Why Barry Keoghan’s success is worth celebrating
Marginalisation comes in many forms, which is why our columnist Hanna Flint is taking a moment to appreciate this year’s winner of the Best Supporting Actor BAFTA
Saturday 25 February 2023 By Hanna Flint
‘This is for my son Brando, for my mother. It’s also for the kids that are dreaming to be something in the area that I came from, this is for you.’
These are the lovely words of Barry Keoghan during his BAFTAs acceptance speech during Sunday night’s ceremony. He won the award for Best Supporting Actor over his The Banshees Of Inisherin castmate Brendan Gleeson, Ke Huy Quan (Everything Everywhere All At Once), Eddie Redmayne (The Good Nurse), Michael Ward (Empire Of Light) and Albrecht Schuch (All Quiet On The Western Front). As much as I might have leaned towards Quan, I had absolutely no problem with Keoghan claiming this prize – the Irish actor has long proved to be an impressive acting force, and in Martin McDonagh’s period black comedy he’s on impeccable form.
As I wrote in my review of the film for IGN: ‘Keoghan reinforces his penchant for creepy characters in Dominic, yet there’s far more to his doltish son of the island’s brutish police officer. Underneath the slurry enunciation and awkward candor, Keoghan tenderly reveals a man in as much, if not more, pain than his compatriots.’ The clip used during the BAFTAS telecast is a perfect example of this tender performance and had me welling up again at how gorgeously he delivered that moment of heartbreak and rejection.
Keoghan is among the entirely white winners of the 2023 awards ceremony, a result that for many people of colour watching at home, and in the audience at London’s Southbank Centre, was a tough pill to swallow by the end of the night. For as much as BAFTA had gone to great efforts to diversify the voting membership and change its criteria to ensure more diverse talent are recognised in the nominations, there still seems to be a consensus that white talent is valued most.
Yet when it comes to winners like Keoghan, we have to remember that marginalisation appears in many forms and he’s managed to overcome lots of hurdles in order to get where he is. During his youth in Summerhill, County Dublin, the Irish actor stayed in 13 foster homes due to his mother’s inability to raise him and his brother Eric as she contended with drug addiction. When Keoghan was 12, she passed away from a heroin overdose leaving him and Eric to be raised by their grandmother, aunt and older sister. His path into the world of film wasn’t as easy as many of the people who were clapping and cheering him on Sunday.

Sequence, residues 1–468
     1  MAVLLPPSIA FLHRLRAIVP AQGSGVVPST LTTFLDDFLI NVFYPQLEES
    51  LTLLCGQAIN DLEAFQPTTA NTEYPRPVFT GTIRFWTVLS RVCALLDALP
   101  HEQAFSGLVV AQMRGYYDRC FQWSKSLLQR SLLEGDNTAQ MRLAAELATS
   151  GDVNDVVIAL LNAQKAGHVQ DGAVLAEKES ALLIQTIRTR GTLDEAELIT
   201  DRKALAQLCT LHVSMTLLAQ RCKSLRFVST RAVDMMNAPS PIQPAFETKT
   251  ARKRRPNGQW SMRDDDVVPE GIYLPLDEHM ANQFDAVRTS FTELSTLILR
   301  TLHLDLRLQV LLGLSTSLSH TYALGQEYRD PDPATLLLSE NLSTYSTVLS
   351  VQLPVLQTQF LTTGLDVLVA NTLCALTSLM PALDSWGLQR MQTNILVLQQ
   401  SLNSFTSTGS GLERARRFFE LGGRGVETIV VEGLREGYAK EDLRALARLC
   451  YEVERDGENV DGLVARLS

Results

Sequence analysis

It’s no secret that when it comes to opportunities in film, actors from middle to upper class backgrounds, who went to private school and had wealthy families supporting them, outnumber those from working class and regional backgrounds – especially at awards ceremonies. Seeing people like Keoghan succeed is worth celebrating. As is watching queer Scottish filmmaker Charlotte Wells take home the Best Outstanding Debut award for Aftersun – a working class, father-daughter film about grief, connection, depression and memory that ripped my heart out. Her win is a worthy step for queer female representation in film told by a queer filmmaker from outside the London bubble.
And I have to shout out Brummie national treasure Alison Hammond for her co-hosting duties. It’s rather nice to hear a British host who doesn’t sound like they’re about to read the Six O’Clock News. Hammond is the definition of a TV personality, because she’s got bundles of it. I wonder where she might have gone with her career had she gone to drama school.
So, while the BAFTAs have once again highlighted a frustrating debate over why members of the film and TV industry continue to mostly champion white talent over the last 76 years, there were certainly some moments of intersectional inclusion that were worth smiling about.
Not least, Ariana DeBose’s rap about women nominees. Slag it off all you want, even Susan Sontag would define it as a raucous instalment of high camp: ‘Angela Bassett did the thing.’ I mean, she always does the thing. Angie B is never not doing the thing every time she goes on screen. No lies detected. Good going, Ariana. I appreciate you. And the thing you did.